Candidates hawk immigration reform record, plans as they seek Latino vote

The election season has been dominated by competing messages over who would better lead an economic recovery, and last week President Obama and Republican candidate Mitt Romney offered up their recipes for immigration reform, which both candidates have framed as an important driver of entrepreneurship and job creation.

Obama and Romney participated separately in a forum in Florida hosted by Spanish language television network Univision. Both are courting Latino voters, who are expected to play a key role in the swing states of Colorado, Virginia, Nevada and Florida.

Romney said he would push for long-term solutions for immigration reform and added that he would support allowing immigrants who served in the military or who attended college in the United States to become permanent residents. He has opposed the Dream Act in the past.

“I will lead a program that gets us to a permanent solution, as opposed to what was done by the president, which with a few months before the election, he puts in place something which is temporary, which doesn’t solve this issue,” Romney said, referring to Obama’s June announcement that his administration would stop deporting some illegal immigrants who came to the United States as children. “I will solve it on a permanent basis.”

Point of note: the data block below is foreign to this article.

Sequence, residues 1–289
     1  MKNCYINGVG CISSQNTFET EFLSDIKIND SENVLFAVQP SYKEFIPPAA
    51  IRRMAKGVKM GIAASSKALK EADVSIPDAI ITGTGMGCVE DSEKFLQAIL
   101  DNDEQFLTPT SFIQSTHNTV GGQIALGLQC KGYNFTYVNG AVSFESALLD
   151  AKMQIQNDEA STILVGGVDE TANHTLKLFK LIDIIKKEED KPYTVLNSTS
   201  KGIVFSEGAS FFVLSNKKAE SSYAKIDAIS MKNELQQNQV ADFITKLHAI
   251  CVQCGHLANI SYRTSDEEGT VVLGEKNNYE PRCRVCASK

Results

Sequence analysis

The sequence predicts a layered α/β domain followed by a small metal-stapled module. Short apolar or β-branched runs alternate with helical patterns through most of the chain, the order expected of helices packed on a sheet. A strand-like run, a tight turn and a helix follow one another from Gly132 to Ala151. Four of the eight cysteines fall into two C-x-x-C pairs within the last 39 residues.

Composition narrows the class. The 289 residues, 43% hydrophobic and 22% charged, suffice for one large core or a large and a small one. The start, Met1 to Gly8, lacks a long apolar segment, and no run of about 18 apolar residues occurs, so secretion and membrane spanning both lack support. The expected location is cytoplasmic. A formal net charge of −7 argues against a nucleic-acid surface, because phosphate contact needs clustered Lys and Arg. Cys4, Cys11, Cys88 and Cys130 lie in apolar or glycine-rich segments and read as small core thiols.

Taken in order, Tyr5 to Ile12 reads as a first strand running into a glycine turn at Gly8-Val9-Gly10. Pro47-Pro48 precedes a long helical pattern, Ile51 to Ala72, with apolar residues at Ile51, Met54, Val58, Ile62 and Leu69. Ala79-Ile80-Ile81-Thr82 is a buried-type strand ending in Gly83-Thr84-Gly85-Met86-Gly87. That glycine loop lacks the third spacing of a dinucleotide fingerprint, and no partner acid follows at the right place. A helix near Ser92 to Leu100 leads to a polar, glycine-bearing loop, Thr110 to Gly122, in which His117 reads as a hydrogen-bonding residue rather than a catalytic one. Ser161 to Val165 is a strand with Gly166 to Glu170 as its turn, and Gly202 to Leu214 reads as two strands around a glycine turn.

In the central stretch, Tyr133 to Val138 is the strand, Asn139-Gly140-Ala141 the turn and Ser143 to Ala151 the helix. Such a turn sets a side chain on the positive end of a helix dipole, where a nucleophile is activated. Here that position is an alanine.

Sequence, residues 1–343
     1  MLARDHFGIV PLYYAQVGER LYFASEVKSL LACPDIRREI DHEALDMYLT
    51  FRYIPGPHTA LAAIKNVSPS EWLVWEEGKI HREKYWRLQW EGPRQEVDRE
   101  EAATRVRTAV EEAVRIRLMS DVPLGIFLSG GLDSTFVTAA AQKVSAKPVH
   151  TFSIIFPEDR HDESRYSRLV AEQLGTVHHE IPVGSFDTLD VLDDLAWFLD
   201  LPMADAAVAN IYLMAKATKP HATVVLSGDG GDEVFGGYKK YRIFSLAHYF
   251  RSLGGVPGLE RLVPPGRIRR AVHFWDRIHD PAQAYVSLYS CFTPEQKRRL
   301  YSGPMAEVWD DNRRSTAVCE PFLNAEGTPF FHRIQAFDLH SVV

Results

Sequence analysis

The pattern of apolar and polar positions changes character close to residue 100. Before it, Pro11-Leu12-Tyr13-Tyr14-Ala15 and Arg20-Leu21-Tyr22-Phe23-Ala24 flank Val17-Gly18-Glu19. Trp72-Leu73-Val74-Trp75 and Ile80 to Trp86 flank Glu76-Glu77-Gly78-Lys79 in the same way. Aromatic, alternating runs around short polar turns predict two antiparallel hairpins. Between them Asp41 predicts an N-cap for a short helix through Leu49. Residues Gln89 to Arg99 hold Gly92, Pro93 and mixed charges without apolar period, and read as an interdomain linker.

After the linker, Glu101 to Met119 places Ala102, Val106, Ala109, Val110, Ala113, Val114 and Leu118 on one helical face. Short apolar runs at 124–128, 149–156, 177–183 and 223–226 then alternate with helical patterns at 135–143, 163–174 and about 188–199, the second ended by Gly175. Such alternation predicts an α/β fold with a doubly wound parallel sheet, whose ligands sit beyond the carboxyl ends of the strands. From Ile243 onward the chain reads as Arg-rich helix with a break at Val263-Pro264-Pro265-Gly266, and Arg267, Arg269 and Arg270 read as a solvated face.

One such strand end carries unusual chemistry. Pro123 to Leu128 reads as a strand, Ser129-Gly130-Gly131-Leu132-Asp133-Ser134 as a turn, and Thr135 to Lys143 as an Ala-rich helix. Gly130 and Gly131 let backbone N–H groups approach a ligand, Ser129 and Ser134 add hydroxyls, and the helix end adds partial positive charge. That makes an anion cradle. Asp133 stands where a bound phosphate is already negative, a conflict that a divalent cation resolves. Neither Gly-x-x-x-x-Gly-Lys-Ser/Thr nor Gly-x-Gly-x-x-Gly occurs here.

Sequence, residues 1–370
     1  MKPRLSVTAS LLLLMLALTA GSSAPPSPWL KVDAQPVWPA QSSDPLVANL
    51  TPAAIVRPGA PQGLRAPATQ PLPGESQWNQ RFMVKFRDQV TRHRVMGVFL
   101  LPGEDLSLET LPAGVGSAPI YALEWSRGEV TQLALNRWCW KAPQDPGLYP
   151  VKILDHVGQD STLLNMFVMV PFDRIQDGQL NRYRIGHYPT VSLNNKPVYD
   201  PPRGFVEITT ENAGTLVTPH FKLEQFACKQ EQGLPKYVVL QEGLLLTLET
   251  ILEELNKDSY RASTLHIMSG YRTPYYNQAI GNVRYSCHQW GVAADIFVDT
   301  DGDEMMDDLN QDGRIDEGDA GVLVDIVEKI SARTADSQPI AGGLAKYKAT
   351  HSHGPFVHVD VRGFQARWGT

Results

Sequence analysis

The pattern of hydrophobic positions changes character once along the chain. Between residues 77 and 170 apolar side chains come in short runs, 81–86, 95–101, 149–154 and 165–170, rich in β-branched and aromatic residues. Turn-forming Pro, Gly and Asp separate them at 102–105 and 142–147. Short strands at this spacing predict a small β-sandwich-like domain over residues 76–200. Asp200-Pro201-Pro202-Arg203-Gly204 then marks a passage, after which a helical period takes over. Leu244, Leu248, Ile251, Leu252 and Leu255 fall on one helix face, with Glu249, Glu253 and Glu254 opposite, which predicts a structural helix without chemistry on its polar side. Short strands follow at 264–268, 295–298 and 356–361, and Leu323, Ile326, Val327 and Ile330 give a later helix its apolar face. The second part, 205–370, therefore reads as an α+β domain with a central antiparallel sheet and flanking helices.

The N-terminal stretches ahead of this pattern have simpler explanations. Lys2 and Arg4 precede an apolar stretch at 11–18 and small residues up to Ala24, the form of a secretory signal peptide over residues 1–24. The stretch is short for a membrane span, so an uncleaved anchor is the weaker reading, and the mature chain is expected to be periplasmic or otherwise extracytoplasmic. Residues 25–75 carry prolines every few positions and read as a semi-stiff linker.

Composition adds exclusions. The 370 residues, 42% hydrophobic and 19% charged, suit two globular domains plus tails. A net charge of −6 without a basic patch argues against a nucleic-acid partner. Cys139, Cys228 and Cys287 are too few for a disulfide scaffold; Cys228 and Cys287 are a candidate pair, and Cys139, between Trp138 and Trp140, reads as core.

Romney’s remarks followed those he made in June before the National Association of Latino Elected and Appointed Officials, when he called immigration reform an “economic necessity” because immigrants start companies, create jobs and drive innovation.

Obama has a commanding lead over Romney among Hispanic voters — 72 percent to 22 percent, according to the Pew Research Center for the People and the Press. He has emphasized the need to change immigration laws so immigrants can study in the United States and stay to start a business here, as opposed to abroad.

In the Univision forum, Obama said resistance from Republicans in Congress blocked his 2008 campaign promise to achieve comprehensive immigration reform during his first year in office.

“We have to have cooperation from all sources in order to get something done,” Obama said. “I did not promise I would get everything done 100 percent when I was elected. I did promise I would work hard every day to be sure everyone, no matter who you are or where you come from ... gets a fair shot at the American Dream. That’s a promise I’ve kept.”

Catherine Ho covers lobbying at The Washington Post. She previously worked at the LA Daily Journal, the Los Angeles Times, the Detroit Free Press, the Wichita Eagle and the San Mateo County Times.



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